An open-loop system would typically pull cool groundwater through the heat exchanger, before disposing of it... disposal is the big concern with a well, because you *really* don't want to introduce bacteria into the aquifer. Getting approval for this sort of system can be challenging, as it should be.

    However, you'd be using the clean groundwater and 'disposing' of it to your home, orchard, lawn etc. So pursuing the open-loop idea might be easier. But you might ponder a few things off the top of my head:

    • potential to grow 'stuff' in your tank if the water is warm (UV treatment of potable water perhaps, since groundwater isn't typically treated when used straight from the well.)
    • efficiency of recirculating water - perhaps run irrigation water through the system and off to point of consumption rather than back to tank (smart valving system, based on water demand).
    • how much winter water use is expected and whether you're going to run the reservoir down to the point where things start to freeze. I managed to freeze my closed-loops when the front door was unavoidably open one winter, doing some unexpected work!
    I think a geo-exchange designer could do the calculations based on your home's thermal load (seasonally) and the volume of water consumed (again, seasonally). But so much depends on how well-insulated the house is, what the solar load on windows etc. amounts to... meaning I think the idea is a good one that could likely work, but you'd want to do some specific calculations to make sure it worked reliably and as hoped. It's a very specific area of expertise and your idea is a little outside the box, so I wouldn't rely upon the comments of anyone not specifically in the business - no offense to anyone here!!
     
  17. AudubonB

    AudubonB Mild-mannered Moderator Lord Vetinari*

    Joined:
    Mar 24, 2013
    Messages:
    4,251
    Location:
    Denali Highway, Alaska
    Excellent comments and input from your own system, Beeee; I absolutely would be confined to a closed-loop system because I indeed am very much aware of the contamination problem (likelihood = 100%).

    I have experiences with four separate heat exchangers, disregarding engine-based radiators which also can be so defined. One set was a spectacular, high-tech, compact and pricey unit (I have a total of five of them). Great specs.....lousy in-field utility. Second one was an off-the-shelf variant of former, with the same drawbacks. A third is a finned compact coil of copper tubing - a rugged workhorse and effectively identical to what is in a water heater jacket in a domestic furnace. I like. The last is a very long copper pipe carefully coiled into a cylinder - least-cost solution and probably most effective for a dropped-in-cistern set up. Any custom set-up also could be some combination of the latter two.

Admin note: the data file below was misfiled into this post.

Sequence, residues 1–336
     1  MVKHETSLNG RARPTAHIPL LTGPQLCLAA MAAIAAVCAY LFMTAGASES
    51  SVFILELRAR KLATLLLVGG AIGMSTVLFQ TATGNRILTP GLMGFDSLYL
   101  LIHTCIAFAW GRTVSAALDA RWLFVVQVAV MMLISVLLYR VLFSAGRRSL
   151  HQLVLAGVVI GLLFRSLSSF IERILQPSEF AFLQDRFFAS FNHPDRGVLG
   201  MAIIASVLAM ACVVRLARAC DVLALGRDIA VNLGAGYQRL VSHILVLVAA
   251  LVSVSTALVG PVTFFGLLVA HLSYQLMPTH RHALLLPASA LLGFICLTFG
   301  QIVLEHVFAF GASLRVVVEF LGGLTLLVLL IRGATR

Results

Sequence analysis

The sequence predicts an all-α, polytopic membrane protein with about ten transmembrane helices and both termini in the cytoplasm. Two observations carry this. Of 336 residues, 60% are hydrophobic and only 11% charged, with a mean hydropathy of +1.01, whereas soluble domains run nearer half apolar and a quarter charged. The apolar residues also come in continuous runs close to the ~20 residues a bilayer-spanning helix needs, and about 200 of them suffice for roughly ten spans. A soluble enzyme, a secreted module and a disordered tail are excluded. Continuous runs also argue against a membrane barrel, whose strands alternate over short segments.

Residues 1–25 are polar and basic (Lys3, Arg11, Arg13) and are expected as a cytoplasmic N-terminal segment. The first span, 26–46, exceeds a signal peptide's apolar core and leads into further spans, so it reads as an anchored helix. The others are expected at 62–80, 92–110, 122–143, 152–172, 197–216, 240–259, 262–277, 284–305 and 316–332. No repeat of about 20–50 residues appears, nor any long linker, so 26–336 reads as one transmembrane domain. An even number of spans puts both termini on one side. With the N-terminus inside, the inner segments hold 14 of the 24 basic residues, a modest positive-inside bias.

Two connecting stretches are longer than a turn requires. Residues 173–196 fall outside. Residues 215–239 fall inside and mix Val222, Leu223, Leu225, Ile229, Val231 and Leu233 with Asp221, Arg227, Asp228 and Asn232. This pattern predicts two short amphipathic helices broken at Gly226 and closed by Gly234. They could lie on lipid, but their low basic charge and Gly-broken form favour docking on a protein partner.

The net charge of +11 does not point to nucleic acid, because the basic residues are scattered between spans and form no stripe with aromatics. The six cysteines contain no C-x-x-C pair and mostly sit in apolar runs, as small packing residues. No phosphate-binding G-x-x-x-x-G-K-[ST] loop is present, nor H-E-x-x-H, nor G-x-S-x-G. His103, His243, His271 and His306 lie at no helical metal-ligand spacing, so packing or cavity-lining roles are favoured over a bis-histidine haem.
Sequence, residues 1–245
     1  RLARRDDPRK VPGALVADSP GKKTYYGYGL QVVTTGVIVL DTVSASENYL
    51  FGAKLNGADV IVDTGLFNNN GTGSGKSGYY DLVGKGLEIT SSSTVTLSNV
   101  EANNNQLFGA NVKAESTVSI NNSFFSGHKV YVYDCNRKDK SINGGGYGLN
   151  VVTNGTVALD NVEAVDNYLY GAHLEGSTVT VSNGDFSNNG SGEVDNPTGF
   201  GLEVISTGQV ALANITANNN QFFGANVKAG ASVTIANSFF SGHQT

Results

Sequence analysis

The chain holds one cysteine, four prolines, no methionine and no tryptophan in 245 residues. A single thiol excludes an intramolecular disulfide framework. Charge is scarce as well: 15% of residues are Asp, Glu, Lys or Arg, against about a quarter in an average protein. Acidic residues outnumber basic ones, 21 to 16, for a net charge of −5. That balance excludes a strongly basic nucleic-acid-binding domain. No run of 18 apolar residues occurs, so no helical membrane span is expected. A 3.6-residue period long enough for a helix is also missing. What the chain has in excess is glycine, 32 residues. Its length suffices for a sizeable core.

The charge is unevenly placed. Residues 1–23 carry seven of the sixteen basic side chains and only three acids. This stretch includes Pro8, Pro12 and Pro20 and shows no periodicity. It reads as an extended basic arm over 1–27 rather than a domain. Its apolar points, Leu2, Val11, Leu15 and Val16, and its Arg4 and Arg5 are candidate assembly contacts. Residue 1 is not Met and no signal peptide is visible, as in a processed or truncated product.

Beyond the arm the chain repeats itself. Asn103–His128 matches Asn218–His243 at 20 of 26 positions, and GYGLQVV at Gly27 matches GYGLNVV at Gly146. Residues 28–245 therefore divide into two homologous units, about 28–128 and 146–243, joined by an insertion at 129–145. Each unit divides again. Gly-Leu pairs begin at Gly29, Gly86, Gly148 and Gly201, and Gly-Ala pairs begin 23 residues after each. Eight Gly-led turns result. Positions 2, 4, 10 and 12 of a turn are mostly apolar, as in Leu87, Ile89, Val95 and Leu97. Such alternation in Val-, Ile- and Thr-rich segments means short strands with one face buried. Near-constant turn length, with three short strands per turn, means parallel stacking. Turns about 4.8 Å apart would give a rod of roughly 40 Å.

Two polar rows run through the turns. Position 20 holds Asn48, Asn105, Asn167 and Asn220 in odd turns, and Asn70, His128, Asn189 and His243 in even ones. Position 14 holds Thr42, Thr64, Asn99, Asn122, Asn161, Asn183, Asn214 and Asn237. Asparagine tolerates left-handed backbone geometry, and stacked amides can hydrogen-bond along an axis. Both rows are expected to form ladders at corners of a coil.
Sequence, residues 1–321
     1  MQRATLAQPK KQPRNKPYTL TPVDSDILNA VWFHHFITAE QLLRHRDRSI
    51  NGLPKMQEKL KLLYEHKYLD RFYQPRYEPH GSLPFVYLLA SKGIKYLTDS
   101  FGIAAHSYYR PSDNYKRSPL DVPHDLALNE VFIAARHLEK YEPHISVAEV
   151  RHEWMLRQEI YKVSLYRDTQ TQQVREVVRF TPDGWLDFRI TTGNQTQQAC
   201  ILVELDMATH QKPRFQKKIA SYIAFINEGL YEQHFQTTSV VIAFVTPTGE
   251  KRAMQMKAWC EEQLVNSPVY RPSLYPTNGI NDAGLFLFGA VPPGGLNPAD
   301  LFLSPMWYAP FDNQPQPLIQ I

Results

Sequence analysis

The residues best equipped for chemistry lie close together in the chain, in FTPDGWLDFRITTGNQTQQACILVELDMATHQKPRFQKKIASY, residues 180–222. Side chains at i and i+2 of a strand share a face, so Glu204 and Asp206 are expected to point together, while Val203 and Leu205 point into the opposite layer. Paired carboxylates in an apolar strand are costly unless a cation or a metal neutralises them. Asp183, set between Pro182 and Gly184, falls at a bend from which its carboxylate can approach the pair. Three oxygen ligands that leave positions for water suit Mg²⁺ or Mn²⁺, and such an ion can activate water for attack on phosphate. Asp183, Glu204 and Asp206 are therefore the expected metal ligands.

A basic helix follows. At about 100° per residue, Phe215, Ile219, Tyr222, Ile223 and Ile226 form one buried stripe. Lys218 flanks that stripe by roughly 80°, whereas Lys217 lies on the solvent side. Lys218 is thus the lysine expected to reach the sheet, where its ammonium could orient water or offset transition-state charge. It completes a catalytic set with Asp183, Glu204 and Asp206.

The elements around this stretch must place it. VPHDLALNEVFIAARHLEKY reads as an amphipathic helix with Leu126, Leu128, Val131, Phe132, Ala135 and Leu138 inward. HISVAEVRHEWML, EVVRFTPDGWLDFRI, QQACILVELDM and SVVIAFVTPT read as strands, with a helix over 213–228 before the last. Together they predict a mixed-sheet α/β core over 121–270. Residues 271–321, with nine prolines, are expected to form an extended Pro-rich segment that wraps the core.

I also do have UV treatment going on as well - but not for our domestic water; rather as part of our koi pond filtration. Were I to be building de novo I almost certainly would include same in our domestic water but my potability tests of our current set-up are perfect. Were I to enact all this I definitely would monitor typical High-Ts in the cistern and consider emplacing UV if they hit some unspecified point.
     
  18. beeeerock

    beeeerock Active Member

    Joined:
    Mar 12, 2015
    Messages:
    1,372
    Location:
    Kamloops BC Canada
    I suppose it depends on how much you want to cobble together yourself vs. purchasing a turn-key solution. If you were going closer to 'turn-key', I'd look at the open loop system, because they should be available with parts that would be food-grade. I would at least confirm they aren't before moving to closed-loop.

    I'm thinking about a few things when I say that... efficiency is one thing - I'm trying to visualize the heat transfer points and relative deltas in each scenario... and want to say the closed loop would be less efficient. But it's making my head hurt and I can't back that with any certainty right now!

    I'd probably look at the chemistry of your water before saying 'copper' for sure - HDPE is more inert although less efficient in transferring heat... and I'd probably say 'no' to PVC.

    Without flow in the reservoir, I suspect you could get thermal zones near the pipes - efficiency again. How much, I don't know.

    Pumping water through the exchanger and back to the reservoir would ensure circulation in the reservoir... something that might be more valuable when the water temperature rises!

    You could incorporate a UV filter right into the heat exchanger circuit, thus continually treating the stored/circulated water.

    A closed-loop system would likely mean pumping some sort of glycol/water mixture through the pipe. You wouldn't want that leaking into your reservoir if something went wrong.

    My system was built by Waterfurnace (waterfurnace.ca) about 15 or 16 years ago. They might be worth reaching out to, with the closed vs. open question and specifically, potability. I have no direct experience with the open-loop systems, but like the theory.

    I should also add that my system is forced-air... the box looks like a regular gas-fired furnace. You have to assume that the temperature in the house is to remain about the same through the day and night. The technology doesn't work well when you want to bump up or down - slow and steady is the name of the game.
     
  19. strider

    strider Active Member

    Joined:
    Oct 20, 2010
    Messages:
    2,920
    Location:
    NE Oklahoma
    This is a classic "pond loop" or "lake loop" geothermal system but with the added benefit that the temp of the "pond" would be fairly constant so efficiency would be fairly constant regardless of outside temperature (assuming constant use and replenishing of the water). You could "off the shelf" this easily - you just drop the loops into the cistern instead of a pond. Do you know the temperature of the water in the cistern?
     
  20. AudubonB

    AudubonB Mild-mannered Moderator Lord Vetinari*

    Joined:
    Mar 24, 2013
    Messages:
    4,251
    Location:
    Denali Highway, Alaska
    As in my OP, more or less 54ºF.
     

Share This Page